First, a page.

Last year Jo Palmer, founder of Pointer Remote Roles, won $40,000 in St.George’s 2019 Kick Start Program in the ‘fast pitch’ category; the pitching process gave her the confidence in business articulation and skill, and the money gave her the opportunity to hire her first employee with reassurance. Jo founded her business in 2017, with Read More…
Karen Gee: Fashioning success and inspiring entrepreneurs
Fri 17 July 2015 - 5:27 pmAdvice | Editor's Choice | Entrepreneur | Featured | Professional Development | Profiles | SME Inspiration | Women in business | Women In Business
To be an entrepreneur means taking on a road that can be anything but easy. Taking on seemingly insurmountable obstacles in order to be one’s own boss on one’s own career path isn’t something everyone wants to attempt, but those eyeing the entrepreneurial dream need only look at individuals such as Karen Gee for some clarity.
A mother of five and former Mrs Australia Globe, Karen has made a name for herself as not only a successful entrepreneur, taking her self-titled fashion label to towering success in just two short years, but as a philanthropist aiming to instill the drive in others to reach the business success they so desire.
It was two years ago that Karen launched Karen Gee, a label she says came from always having a passion to make something special, unique, and that could use the input of other women.
“Society has always presented beauty as a very obscure concept, and I wanted to break that mould,” Karen tells Dynamic Business.
“I think all women are beautiful and this comes from within. Beauty is a feeling, not an appearance, and I wanted to promote that idea and reflect it in my designs. I had gone through a period of time where I did not feel so great about myself, so I understand and I can empathise. I took the steps to better myself, and then I took the steps to help others do the same.”
As a label, Karen Gee now has a worldwide following and dresses high-profile Australian women, including Margie Abbott and Melissa Doyle. The brand has seen huge growth in two years, a feat that Karen says is only possible with the willingness to consider failure as a risk worthy of taking.
“Like most other successful businesses, I began with a real clear and strong vision of what I wanted to create. I think this thirst to make a difference and to achieve is the strongest foundation to have in any business,” Karen explains.
“I never once decided that failure wouldn’t be worth the risk, and took a leap that has well and truly paid off. There’s no such thing as competitors when you maintain the point of difference in your offering. I think my brand is one that celebrates the female form in every shape and size and really aspires to make women feel their best – a concept that women resonate with and relate to.”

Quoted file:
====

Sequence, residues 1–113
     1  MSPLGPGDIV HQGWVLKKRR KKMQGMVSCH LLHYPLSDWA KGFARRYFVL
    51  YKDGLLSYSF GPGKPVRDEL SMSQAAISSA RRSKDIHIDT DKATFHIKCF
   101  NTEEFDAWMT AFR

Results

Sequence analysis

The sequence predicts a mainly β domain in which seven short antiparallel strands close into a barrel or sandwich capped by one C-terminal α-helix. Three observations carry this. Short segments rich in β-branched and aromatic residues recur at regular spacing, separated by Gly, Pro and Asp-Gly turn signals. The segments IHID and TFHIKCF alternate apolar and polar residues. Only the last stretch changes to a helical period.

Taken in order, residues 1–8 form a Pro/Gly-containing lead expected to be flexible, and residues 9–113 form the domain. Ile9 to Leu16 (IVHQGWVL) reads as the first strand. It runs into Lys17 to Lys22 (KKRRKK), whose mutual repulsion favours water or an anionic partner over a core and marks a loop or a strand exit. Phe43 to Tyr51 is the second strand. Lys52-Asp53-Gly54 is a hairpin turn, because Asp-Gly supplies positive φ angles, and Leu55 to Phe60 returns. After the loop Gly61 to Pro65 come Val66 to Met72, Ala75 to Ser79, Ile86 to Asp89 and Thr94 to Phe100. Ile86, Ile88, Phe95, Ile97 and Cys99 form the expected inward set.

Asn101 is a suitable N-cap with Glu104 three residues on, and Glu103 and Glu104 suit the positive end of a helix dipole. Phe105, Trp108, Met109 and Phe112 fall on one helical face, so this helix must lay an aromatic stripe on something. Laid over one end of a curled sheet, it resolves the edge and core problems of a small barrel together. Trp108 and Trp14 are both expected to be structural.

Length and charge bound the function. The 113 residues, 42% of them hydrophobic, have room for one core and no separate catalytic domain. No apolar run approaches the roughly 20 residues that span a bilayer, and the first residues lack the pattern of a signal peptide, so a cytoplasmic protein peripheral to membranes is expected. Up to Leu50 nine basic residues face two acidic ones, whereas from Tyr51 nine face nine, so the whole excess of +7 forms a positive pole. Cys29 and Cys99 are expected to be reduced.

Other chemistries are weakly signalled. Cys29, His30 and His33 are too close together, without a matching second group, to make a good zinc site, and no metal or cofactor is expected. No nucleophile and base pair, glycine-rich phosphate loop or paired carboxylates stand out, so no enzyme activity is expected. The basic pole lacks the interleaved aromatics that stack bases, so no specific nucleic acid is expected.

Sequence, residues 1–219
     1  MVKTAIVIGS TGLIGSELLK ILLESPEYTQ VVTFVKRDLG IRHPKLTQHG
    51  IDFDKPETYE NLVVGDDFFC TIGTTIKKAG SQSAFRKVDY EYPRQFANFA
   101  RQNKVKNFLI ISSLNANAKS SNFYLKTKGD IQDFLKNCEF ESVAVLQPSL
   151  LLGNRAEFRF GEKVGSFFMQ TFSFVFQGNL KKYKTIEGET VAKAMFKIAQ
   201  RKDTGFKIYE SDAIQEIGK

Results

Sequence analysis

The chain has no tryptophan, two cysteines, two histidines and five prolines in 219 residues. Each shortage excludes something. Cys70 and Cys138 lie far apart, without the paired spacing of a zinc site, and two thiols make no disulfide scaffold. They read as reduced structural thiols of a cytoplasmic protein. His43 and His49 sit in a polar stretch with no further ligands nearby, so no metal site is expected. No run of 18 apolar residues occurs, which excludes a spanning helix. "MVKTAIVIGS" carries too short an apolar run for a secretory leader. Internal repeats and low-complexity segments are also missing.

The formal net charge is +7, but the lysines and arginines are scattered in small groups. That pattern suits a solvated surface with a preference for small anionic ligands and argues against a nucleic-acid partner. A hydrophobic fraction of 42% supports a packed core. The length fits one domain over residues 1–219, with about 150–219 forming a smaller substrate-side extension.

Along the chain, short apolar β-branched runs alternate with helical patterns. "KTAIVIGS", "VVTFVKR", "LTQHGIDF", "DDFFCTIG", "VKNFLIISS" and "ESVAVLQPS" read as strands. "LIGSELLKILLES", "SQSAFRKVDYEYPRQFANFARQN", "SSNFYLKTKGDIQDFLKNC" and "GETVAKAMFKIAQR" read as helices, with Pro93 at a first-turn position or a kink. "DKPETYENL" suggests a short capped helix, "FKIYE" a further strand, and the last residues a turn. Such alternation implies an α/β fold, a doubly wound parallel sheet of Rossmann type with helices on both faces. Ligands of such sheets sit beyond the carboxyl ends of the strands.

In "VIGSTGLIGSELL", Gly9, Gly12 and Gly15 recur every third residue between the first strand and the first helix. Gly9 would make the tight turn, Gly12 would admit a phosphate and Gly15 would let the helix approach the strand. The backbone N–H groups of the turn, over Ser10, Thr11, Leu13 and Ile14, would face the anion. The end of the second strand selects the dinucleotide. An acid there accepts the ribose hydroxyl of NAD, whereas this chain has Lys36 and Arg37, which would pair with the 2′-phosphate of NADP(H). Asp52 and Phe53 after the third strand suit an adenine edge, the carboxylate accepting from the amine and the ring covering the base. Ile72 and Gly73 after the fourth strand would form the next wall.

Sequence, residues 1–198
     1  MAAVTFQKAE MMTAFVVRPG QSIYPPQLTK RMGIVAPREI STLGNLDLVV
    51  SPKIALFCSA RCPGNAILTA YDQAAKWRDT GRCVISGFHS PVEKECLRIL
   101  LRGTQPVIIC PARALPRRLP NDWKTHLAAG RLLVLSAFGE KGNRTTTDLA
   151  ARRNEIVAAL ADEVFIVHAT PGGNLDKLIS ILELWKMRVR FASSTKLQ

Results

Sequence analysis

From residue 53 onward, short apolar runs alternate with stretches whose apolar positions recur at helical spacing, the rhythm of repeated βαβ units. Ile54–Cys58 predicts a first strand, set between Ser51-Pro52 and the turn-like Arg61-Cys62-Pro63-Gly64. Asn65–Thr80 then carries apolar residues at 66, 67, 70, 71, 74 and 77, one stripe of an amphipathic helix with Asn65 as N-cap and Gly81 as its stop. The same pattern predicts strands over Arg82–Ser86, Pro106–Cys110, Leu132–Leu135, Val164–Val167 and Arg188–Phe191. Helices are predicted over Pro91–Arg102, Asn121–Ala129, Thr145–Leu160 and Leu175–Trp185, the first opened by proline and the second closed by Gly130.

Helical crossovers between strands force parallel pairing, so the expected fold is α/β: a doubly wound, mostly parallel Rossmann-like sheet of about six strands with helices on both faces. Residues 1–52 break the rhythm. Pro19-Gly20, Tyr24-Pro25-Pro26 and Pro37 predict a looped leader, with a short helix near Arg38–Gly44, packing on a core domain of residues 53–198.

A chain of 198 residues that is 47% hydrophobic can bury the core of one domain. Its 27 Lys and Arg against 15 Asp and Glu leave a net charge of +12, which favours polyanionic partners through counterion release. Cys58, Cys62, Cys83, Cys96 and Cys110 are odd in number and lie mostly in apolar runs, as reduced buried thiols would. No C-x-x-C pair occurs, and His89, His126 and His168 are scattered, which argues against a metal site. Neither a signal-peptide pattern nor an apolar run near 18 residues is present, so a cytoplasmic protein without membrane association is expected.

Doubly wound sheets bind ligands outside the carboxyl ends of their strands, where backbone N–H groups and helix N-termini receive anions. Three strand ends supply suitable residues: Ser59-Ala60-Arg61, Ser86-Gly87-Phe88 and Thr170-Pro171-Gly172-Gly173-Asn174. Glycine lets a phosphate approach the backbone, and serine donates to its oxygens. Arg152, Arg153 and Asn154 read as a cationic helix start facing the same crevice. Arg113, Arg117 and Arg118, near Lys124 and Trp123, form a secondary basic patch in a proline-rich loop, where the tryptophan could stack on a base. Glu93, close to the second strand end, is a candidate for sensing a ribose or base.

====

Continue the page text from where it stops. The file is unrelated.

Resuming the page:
Karen says part of the brand’s success has been in approaching customers as family, using its custom made service to forge relationships while tailoring to shape, taste and style.
Interestingly, Karen says she hasn’t stuck by a rigid business plan focusing on financial or numerical goals; they are “only a set up for failure”.
“Success can’t always be measured by numbers and hard targets. I’ve seen my brand grow at an astonishing rate thanks to passion and taking opportunities that are presented, rather than following a strict, inflexible business plan.”
It’s no secret there is a worryingly high number of small businesses that fail in their first attempts. Karen Gee says this can often come down to not being able to cover every base and firmly believes that having full control of how one’s brand is being perceived is highly important during early stages.
“I think that starting out as a small business you need to present your brand and values and connect with your clientele. The saying goes ‘any press is good press,’ but I do not agree. You need to have a strong vision of what and who you are, and what your brand is saying and putting out there.
“The core values of the KG Brands are tied into everything we do, and I think this presents a united and polished front. Small businesses need to do much research and put in the long hours and hard work. When it comes down to it, your success will be based on how much you want it – how dedicated you can be. It isn’t a race or a competition, its just about evolving and building something special.”
It’s imperative that businesses ensure they remain consistent with their brand’s message. Karen says she had her tag line, ‘Simply, Elegance, Timeless,’ prior to even launching the brand and believes that it’s in holding the message behind every business move that enables a brand to be recognised over time.
Nevertheless, failure does occur. Eventual success, as with many things in life, comes down to perseverance and how one approaches misfortune.
“Your mistakes might not lead you down the path you had originally planned but they might just send you down one that is far better and much more suited to your goals,” Karen says.
“Don’t underestimate yourself – failure is a good thing. It means you tried and you didn’t give in – a truly wonderful quality to have. Also, watch how you respond in the situation. It might be frustrating or disheartening, but always be kind and humble. It is not how we act in the face of success, but how we act when we have been knocked down that says much more about our character.”
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